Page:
Wednesday, February 23, 2005


(With this movie, I've completed my essential viewing of all the Best Picture Nominees for the 77th Annual Academy Awards, and this review is one the most personal I've written)

Wine lovers unite! There isn't, in my recent memory, a show that celebrates wine, vineyards and grapes, like this one does. Scattered throughout as part of the narrative are so many wine terms, vintage bottles, and wine tasting, that the amateur me can find hard to grasp. Fear not though, as this show can still grow on you.

We follow the road trip of 2 best buddies Miles and Jack, for a week, down to the Californian vineyards, before Jack's marriage when he gets back. Kinda like an extended bachelor's party, Miles' idea of fun - that being long sessions of male bonding over wine tasting sessions, rounds of golf, and more drinks over night time chill out hours. However, Jack has a different idea of fun - that of having final flings and sowing his wild oats before committing himself to marriage.

So while we see clash of ideas and mindsets, their strong friendship enables them to compromise and help each other during the various scenarios they encounter in their road trip. Essentially, this movie is also about relationships - that between the 2 buddies, that between Jack and his "fling" Stephanie, who of course he didn't tell that he's getting married once the week is over, and that between Miles and Maya.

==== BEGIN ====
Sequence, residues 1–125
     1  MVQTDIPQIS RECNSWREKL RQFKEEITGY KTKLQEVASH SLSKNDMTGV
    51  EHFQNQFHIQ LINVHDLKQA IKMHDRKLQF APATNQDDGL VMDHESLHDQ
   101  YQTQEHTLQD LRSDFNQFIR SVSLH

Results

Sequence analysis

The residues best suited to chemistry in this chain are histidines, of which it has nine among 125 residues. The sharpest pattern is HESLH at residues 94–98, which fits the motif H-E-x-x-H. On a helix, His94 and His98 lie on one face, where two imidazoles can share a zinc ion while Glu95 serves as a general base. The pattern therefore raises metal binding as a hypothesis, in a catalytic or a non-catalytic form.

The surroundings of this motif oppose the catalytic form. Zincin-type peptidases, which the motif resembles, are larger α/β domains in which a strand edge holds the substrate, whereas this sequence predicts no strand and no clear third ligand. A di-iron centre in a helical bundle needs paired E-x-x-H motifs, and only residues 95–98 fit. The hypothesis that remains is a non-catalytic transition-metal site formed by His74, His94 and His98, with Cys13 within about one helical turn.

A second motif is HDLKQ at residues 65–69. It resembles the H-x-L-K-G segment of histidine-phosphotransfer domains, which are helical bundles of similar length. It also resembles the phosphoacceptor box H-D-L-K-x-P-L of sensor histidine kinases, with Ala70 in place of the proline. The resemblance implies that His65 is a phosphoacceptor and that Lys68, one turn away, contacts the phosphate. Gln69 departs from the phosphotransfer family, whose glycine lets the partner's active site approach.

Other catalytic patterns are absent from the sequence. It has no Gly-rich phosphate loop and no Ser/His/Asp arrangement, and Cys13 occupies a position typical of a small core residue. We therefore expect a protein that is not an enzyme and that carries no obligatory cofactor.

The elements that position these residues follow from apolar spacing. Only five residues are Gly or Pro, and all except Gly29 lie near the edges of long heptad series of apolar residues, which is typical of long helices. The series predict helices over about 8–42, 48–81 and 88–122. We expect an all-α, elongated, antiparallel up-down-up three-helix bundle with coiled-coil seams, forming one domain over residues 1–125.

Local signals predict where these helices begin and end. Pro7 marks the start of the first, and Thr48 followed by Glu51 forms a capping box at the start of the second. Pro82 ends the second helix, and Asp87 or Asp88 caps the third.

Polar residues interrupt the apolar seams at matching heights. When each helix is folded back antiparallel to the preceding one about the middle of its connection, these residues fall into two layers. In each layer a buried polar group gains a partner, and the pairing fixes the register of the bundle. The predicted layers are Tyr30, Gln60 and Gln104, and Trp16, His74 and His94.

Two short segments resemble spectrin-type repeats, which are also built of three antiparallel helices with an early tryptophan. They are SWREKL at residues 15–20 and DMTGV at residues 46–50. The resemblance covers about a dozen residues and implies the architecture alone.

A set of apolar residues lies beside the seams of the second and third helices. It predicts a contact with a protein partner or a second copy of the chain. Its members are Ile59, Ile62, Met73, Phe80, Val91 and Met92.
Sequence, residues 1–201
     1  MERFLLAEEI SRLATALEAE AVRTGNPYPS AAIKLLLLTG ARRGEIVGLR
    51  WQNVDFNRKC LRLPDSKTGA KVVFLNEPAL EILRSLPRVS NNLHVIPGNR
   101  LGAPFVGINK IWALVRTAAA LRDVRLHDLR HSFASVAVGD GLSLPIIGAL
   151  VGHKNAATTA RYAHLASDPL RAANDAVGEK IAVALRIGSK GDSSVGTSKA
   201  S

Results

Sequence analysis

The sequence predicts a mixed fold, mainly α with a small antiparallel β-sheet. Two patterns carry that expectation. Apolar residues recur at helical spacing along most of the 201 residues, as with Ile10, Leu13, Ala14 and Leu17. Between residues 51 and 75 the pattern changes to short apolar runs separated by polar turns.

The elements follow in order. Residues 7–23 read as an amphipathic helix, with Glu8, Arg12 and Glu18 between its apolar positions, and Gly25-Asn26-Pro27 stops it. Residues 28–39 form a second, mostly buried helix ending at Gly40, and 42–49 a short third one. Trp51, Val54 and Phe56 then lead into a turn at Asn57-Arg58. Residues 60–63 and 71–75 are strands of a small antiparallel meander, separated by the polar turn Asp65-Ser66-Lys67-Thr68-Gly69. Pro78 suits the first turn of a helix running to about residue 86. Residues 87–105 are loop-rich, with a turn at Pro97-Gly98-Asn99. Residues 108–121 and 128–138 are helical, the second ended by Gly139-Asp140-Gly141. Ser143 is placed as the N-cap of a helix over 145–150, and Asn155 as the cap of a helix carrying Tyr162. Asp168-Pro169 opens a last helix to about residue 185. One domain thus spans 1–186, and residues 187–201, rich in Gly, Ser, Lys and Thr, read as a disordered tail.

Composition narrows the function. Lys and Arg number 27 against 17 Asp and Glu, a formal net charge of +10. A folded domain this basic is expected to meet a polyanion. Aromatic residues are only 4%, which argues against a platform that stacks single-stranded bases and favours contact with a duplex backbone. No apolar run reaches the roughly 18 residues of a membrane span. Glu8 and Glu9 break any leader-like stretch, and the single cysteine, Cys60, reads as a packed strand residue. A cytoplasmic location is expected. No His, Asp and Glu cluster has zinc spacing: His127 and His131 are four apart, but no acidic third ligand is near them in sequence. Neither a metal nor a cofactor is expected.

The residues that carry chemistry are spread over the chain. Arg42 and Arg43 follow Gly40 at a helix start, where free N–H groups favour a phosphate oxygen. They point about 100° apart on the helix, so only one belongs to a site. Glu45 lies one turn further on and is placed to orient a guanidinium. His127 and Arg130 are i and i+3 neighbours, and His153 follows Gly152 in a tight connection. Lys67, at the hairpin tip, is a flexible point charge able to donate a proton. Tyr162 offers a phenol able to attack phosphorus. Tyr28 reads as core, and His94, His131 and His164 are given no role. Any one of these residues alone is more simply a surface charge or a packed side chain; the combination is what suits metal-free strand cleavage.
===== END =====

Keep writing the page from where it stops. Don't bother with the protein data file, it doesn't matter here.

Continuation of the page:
Which led me to identify with the 2 main male leads. Jack, the once famous soap opera actor, lives his life by his instinct. He goes with his gut and impulse, and enjoys a good time. My friends can probably identify this part of me, the go-getter, the thrill-seeker. However, this can sometimes lead you to sticky situations, and you'll require your best buddies to bail you out of the rut. Many hilarious moments arise from Jack's desperation in getting laid, in getting Miles laid as well, and his deception towards both his wife-to-be, and Stephanie. Unless he's decapitated, he'll never learn his lesson, and would still want to go for the final "kill" - the final scene of trouble that he gets into, is one of the best in the movie.

Closer friends will probably see me in Miles, the struggling writer, who still harbours feelings for his ex (wife that is). He goes into a frenzy when Jack tells him his ex-wife has already re-married. He is chronically depressed, that he screwed up his own marriage. To make things worse, Jack has invited Miles' ex-wife and new husband to his wedding ceremony, which led to Jack wanting to back out of attending, well, almost, to avoid meeting the couple. Jack's advice to Miles is to move on, and he will help him do so. However, Miles just refuses to accept the fact, and allows depression to slowly creep into all other aspects of his life, severely affecting his confidence and attitude. Until of course, he meets Maya, and starts to seriously think about starting afresh.

Despite the slow introduction of about 10 minutes, the show picks up pace once Miles and Jack hit the road. The down-to-earthness characters and dialogue will draw you into the movie, though some in the audience might think that the ending has left them hanging. A word of caution - in my opinion, it's deliberately done so, for YOU to decide what kinda ending YOU would prefer, and that will depend on whether you're a Jack, or a Miles kinda person.

Don't let this underdog movie (amongst the other heavyweight Oscar nominees) slip by, go catch it in a theatre near you!

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